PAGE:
Russ and I had came from a small farming town 30 miles away called Nampa, Idaho, and had gone to high school together, and had been members in my first band called: "The Classics" What a great experience that was, for on my very first night doing a gig out of town when I was only 16 years old, I hooked up with a sweet little girl who must have been impressed with my stage presence, because we sat in the back seat of the piano player's car making out all the way back to Nampa on the ride home that night. I was the lead singer of the band, and the only guy who got a girl that night, and I remember it being a very exhilarating and sexy experience. I decided, then and there, that I had to stay in this wild and crazy music business, because the "perks" were fabulous. I'm sure most guys who got into bands in those days, certainly must have had a few fantasies about playing guitar and getting "chicks." Well, all those fantasies eventually came true. We were all smitten with the "Elvis syndrome," which essentially equated playing guitar and singing rock and roll, with getting girls. It was an amazing chain reaction of human emotions mixed with music, but the chemistry seemed to work every time, and the girls were always there, making the music business the greatest business in the world, or at least it seemed that way to us young, inexperienced farm boys, getting their first real exotic taste of the good life of the musician. It was a complete package: girls, cars and rock and roll. (It was too early in history for the more dangerous and volatile version: sex, drugs & rock & roll). We were still quite innocent in comparison to today's standards, but I'm sure we still worried alot of parents who saw there daughters dating a rock and roll musician, and not an athlete or student body president. The fact of the matter is, I did the other stuff, too, so I came with the whole package: Musician, Jock, and Student Body President Elect. (Unfortunately, I was stripped of my rightful Presidency because of a few corrupt ballot counters who stuffed the ballot box with their candidate of choice, so the Principal finally called the election a draw, and ordered a re-vote between me and my opponent. I may have lost the election on that second round, but I'm sure no one will forget my speech in the auditorium, which was essentially 10 minutes of stand-up comedy that had the crowd in stitches and won me a large constituency of voters. My campaign slogan: "A Vote For Volk Is a Vote of The People." (you see, the name "Volk" means "people" in German. You know, like Volkswagen, i.e. peoples car) Anyway, Russ and I migrated to Boise, the capital city, joined the Chancellors and played with them during our junior and senior years. After a couple of years of huge success with The Chancellors, and watching Paul Revere and the Raiders launch their recording career with viable regional success, we started looking in that direction and started working on original material for our future recording enterprise. This was the spring of 1963, and I was doing great on the high school track team, with fast legs, and a strong desire to succeed in the athletic portion of my high school career.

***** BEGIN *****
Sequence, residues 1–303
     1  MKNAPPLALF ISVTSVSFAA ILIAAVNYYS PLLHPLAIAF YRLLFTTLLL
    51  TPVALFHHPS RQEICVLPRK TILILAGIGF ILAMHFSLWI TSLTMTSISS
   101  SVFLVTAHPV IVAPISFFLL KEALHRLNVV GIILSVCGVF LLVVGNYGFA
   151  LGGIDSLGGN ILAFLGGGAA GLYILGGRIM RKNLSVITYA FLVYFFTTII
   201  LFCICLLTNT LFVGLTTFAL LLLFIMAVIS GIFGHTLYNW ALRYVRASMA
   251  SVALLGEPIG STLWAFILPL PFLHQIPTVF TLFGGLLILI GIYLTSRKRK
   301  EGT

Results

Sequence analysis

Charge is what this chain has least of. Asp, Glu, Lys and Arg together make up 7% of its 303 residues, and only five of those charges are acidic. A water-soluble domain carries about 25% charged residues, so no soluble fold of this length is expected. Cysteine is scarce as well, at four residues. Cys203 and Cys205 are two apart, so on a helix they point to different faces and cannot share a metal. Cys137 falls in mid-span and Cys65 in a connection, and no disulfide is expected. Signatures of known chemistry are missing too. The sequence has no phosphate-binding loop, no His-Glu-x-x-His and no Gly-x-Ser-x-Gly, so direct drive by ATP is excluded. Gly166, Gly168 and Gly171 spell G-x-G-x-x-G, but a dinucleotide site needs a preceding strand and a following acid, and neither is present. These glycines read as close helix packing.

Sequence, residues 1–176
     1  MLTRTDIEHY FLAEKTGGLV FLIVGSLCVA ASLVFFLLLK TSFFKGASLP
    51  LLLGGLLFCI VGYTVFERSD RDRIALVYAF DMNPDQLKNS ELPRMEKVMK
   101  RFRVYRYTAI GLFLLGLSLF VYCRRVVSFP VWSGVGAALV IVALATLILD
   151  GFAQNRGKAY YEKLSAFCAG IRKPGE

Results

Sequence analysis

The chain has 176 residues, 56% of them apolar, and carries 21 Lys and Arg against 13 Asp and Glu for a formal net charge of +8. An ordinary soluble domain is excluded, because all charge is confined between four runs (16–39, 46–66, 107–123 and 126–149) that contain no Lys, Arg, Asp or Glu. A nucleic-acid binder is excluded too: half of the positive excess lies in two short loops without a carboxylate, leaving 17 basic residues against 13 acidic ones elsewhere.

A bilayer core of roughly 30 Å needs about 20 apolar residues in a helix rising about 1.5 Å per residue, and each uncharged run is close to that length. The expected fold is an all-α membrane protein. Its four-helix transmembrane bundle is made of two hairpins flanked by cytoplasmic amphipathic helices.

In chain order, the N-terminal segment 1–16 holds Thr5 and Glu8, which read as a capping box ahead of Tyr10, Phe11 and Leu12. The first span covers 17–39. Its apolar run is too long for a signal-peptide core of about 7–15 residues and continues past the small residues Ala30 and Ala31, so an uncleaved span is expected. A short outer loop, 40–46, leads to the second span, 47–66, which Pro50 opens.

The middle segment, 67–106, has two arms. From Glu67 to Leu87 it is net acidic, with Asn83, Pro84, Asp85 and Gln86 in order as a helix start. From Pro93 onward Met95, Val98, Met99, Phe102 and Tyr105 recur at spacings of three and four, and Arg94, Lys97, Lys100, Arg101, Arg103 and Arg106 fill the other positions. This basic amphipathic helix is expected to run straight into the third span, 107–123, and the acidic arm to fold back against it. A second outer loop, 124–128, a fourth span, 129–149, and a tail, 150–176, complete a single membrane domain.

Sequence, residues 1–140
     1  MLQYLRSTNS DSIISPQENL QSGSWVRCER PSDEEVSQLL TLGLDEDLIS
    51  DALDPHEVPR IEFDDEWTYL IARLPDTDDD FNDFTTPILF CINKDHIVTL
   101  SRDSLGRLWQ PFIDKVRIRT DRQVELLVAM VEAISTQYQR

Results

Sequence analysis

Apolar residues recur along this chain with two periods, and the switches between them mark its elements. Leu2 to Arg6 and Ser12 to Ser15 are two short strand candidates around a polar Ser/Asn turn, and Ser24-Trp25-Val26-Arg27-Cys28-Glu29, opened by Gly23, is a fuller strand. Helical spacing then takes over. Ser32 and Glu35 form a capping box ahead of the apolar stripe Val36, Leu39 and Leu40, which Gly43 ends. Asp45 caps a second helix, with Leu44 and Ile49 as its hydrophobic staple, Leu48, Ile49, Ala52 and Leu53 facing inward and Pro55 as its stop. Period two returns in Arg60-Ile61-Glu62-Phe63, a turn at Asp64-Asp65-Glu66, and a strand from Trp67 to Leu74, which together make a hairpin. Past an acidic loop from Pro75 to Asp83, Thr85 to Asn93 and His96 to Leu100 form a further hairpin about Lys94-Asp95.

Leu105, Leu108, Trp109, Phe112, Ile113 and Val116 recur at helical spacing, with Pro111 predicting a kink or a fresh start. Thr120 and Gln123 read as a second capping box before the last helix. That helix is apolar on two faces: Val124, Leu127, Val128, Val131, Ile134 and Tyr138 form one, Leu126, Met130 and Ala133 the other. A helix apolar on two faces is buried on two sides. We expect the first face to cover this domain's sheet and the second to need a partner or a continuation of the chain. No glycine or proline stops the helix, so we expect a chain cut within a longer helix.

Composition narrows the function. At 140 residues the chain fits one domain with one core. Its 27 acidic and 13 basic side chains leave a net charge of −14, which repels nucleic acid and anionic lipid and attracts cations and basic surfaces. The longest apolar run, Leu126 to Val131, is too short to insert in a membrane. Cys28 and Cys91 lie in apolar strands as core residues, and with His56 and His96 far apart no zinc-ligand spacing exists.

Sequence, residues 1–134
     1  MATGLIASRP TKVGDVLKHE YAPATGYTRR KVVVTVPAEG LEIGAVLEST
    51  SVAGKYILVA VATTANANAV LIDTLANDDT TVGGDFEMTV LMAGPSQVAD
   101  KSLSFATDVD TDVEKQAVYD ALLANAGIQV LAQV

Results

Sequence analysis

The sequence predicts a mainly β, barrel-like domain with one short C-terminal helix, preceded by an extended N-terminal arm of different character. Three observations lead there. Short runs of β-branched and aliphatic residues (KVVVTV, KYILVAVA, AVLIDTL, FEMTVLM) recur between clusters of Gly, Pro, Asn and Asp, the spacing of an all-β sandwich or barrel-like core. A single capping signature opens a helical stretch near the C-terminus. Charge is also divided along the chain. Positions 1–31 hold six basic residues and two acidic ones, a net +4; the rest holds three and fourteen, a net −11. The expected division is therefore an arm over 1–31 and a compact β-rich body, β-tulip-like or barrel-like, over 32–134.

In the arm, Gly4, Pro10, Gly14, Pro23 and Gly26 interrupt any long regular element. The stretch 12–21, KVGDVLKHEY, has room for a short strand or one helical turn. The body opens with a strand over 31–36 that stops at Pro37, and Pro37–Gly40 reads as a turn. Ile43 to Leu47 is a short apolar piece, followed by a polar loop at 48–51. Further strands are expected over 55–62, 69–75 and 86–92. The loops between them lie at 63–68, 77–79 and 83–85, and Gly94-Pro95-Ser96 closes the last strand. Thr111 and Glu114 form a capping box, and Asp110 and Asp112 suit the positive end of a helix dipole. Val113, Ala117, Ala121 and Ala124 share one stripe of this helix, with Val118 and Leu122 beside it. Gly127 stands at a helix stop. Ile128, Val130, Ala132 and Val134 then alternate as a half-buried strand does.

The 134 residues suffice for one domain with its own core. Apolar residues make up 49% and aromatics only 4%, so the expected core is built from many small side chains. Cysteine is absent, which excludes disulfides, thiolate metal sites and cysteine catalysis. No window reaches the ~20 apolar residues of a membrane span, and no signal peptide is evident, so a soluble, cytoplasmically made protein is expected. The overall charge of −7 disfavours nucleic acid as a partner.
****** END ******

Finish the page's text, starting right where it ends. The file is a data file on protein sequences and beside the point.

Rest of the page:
Phil winning two gold medals in the Idaho State Track & Field Meet, spring 1963.